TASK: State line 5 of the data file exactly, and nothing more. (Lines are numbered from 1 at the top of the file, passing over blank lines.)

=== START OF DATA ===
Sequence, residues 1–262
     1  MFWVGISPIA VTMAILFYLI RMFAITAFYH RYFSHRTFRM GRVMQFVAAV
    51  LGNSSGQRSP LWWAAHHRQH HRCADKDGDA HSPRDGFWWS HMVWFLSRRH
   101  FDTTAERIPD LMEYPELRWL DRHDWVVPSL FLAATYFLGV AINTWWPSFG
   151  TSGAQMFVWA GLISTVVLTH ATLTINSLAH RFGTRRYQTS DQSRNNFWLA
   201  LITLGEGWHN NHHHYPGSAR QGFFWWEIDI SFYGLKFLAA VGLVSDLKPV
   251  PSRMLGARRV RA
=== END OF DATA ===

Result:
   151  TSGAQMFVWA GLISTVVLTH ATLTINSLAH RFGTRRYQTS DQSRNNFWLA